Convexity in Subspace Approximation & Simple Convexity Limit Theorem

by Soren Larson

In this blog post I focus on interesting characteristics of convexity that we didn’t get to cover in class, borrowing problems and examples from Kreyszig’s “Introductory Functional Analysis with Applications” and Rockafellar’s famous “Convex Analysis” text. I’m particularly excited to discuss a theorem from Rockafellar’s text, as this text has been cited in virtually every analysis course lecture I’ve ever taken, though I’ve not gotten an opportunity yet to consider it. I suppose that the reader is familiar with basic notions of analysis.

I borrow this example from Problem 3 of Kreyszig’s Chapter 6.2. For normed space X and Y \subseteq X finite dimensional subspace, and for a given x\in X we want to best approximate x with an element y \in Y. To do this, most sensible will be to find a basis \{e_1,\ldots, e_n\} for Y and approximate x using a linear combination \sum \alpha_j e_j for scalars \alpha_j chosen to minimize the distance between x and our linear combination approximation. So, putting

f(\alpha) := \left\|x - \sum_{j=1}^n \alpha_j e_j\right\|,

we look to find \alpha that minimizes f. Before we proceed, we might like to be sure that f is continuous in \alpha, so we can be sure that f doesn’t `jump’ at a point e.g., of a possible minimum (e.g., \min\{(0,1]\} is not well defined).

So, taking \epsilon > 0 to be arbitrary fixed, writing \alpha = (\alpha_1,\ldots, \alpha_n) and \alpha' = (\alpha_1',\ldots, \alpha_n'), and putting \delta = \epsilon / \sum_j \|e_j\| we see that whenever \max_k |\alpha_k - \alpha_k'| < \delta and so \|\alpha - \alpha'\| \le \delta, by triangle inequality we have

|f(\alpha) - f(\alpha')|  \le \left| \left\|x - \sum_{j=1}^n \alpha_j e_j\right\| - \left\|x - \sum_{j=1}^n \alpha_j' e_j\right\|\right|  \le \left\|\sum_{j=1}^n (\alpha_j - \alpha_j')e_j \right\|  \le \max_k |\alpha_k - \alpha_k'| \sum_{j=1}^n \|e_j\|  \le \delta \sum_{j=1}^n \|e_j\| = \frac{\epsilon}{\sum_{j=1}^n \|e_j\|} \sum_j\|e_j\|  \le \epsilon.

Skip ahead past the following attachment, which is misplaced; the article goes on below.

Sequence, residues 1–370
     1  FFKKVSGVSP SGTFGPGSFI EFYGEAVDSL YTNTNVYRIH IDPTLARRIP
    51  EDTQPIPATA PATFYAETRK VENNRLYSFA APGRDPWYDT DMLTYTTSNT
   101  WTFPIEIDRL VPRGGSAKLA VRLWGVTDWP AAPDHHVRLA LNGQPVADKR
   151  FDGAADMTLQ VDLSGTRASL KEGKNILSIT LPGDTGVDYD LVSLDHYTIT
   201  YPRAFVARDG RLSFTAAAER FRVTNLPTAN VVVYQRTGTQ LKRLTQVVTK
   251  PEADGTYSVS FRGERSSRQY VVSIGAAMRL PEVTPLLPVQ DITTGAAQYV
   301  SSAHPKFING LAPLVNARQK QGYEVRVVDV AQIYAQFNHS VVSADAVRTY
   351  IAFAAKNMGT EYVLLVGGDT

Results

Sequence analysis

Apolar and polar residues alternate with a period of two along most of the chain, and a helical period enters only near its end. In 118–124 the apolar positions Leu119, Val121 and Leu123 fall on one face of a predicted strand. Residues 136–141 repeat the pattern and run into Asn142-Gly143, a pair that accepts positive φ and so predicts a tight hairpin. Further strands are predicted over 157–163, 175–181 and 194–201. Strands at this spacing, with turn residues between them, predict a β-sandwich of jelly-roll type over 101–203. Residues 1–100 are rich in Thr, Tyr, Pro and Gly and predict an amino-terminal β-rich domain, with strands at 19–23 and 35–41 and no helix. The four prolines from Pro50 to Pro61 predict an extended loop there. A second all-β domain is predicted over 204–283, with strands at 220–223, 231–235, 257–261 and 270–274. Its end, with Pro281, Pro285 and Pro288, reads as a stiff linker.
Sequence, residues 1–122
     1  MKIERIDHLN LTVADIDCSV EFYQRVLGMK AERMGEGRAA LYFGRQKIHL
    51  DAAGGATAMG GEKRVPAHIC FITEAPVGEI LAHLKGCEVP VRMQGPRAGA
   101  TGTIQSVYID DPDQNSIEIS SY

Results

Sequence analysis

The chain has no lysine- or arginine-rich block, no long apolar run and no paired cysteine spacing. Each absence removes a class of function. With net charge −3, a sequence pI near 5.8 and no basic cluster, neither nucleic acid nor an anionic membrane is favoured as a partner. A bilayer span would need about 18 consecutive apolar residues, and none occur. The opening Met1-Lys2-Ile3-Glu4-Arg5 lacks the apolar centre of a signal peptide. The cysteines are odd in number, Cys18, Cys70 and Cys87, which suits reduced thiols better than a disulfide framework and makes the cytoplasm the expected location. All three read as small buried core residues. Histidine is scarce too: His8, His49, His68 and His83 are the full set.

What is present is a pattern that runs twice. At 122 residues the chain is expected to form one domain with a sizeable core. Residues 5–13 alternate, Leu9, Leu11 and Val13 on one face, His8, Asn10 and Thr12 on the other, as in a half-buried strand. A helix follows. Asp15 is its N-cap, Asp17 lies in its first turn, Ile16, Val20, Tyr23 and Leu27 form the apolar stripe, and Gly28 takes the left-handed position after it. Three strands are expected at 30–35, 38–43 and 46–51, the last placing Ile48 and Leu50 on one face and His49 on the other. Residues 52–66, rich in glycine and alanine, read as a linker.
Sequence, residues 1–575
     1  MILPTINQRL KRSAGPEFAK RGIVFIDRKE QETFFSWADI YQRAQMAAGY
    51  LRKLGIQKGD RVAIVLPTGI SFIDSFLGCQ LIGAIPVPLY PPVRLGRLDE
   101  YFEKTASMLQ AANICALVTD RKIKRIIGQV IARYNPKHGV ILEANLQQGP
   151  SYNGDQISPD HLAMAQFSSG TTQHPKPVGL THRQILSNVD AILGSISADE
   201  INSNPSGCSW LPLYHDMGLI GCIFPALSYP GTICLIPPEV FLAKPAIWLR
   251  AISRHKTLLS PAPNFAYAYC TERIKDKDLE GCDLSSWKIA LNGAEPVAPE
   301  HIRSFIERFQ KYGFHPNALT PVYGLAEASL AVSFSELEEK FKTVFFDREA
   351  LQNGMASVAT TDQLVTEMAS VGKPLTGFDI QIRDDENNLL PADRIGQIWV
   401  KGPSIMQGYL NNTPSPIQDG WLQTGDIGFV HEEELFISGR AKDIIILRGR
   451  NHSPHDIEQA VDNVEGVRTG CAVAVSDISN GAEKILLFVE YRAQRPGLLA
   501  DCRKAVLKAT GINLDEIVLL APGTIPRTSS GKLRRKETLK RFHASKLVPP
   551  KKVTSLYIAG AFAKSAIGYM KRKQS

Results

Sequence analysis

But \epsilon was arbitrary, so we’re done. So f is continuous in \alpha, as desired.

Now we proceed to minimization of f. Indeed, we recall that convexity gives us that any local minimum is also a global minimum, giving us a guarantee that any minimum we find is the minimum.

I claim that f is convex in \alpha. That is, I plan to show for \alpha = (\alpha_1,\ldots, \alpha_n) and \beta = (\beta_1,\ldots, \beta_n), we have for \lambda \in [0,1] fixed f(\lambda \alpha + (1- \alpha)\beta) \le \lambda f(\alpha) + (1- \lambda) f(\beta). To see this, noticing x = \lambda x + (1 - \lambda) x and again applying triangle inequality we have

f(\lambda \alpha + (1 - \lambda) \beta)  = \left\| x - \sum_{j=1}^n (\lambda \alpha_j + (1 - \lambda) \beta_j) e_j \right\|  = \left\| x - \lambda \sum_{j=1}^n \alpha_j e_j - (1 - \lambda) \sum_{j=1}^n \beta_j e_j\right\|  = \left\|\lambda x - \lambda \sum_{j=1}^n \alpha_j e_j + (1 - \lambda)x - (1 - \lambda) \sum_{j=1}^n \beta_j e_j\right\|  = \left\| \lambda \left(x - \sum_{j=1}^n \alpha_j e_j\right) + (1 - \lambda) \left(x - \sum_{j=1}^n \beta_j e_j \right)\right\|  \le \lambda \left\| x - \sum_{j=1}^n \alpha_j e_j \right\| + (1 - \lambda) \left\| x - \sum_{j=1}^n \beta_j e_j \right\| \\  \le \lambda f(\alpha) + (1 - \lambda) f(\beta)

as desired! This result is particularly useful, e.g., in linear regression for normed cost function!

I now change gears from functional analysis to convex analysis. Indeed, students of analysis often like to know if properties of functions are preserved when taken to the limit. In this way, it’d be particularly nice to know that \emph{convexity} is preserved in the limit. I first make this claim precise, and then I prove it.

Take f_1,f_2,\ldots to be a sequence of finite convex functions on open convex set C of finite dimensional normed space. I claim that if f_n \to f pointwise (i.e., for \epsilon > 0 and x \in C arbitrary fixed, we may find N \in \mathbb{N} large enough such that \|f_n(x) - f(x)\| \le \epsilon whenever n \ge N), then f is convex. I prove this claim.

Let \lambda \in [0,1] be arbitrary, and take x,y \in C. Since f_n \to f pointwise, clearly we have

f_n(\lambda x + (1 - \lambda) y) \rightarrow f(\lambda x + (1 - \lambda) y)


\lambda f_n(x) + (1 - \lambda) f_n(y) \rightarrow \lambda f(x) + (1 - \lambda) f(y)

But since f_n is convex, we have

f_n(\lambda x + (1 - \lambda)y ) \le \lambda f_n(x) + (1 - \lambda) f_n(y)

and so

f(\lambda x + (1 - \lambda) y) \le \lambda f(x) + (1 - \lambda) f(y),

as desired. So, as we’d expect, convexity is preserved when taken to the limit. Rockafellar proves a more general form of this statement (in his Theorem 10.8), using weaker assumptions and more ideas from analysis. But since most of these ideas are outside the scope of this course, and the assumptions I use are reasonable or `practical’ ones, I leave it here.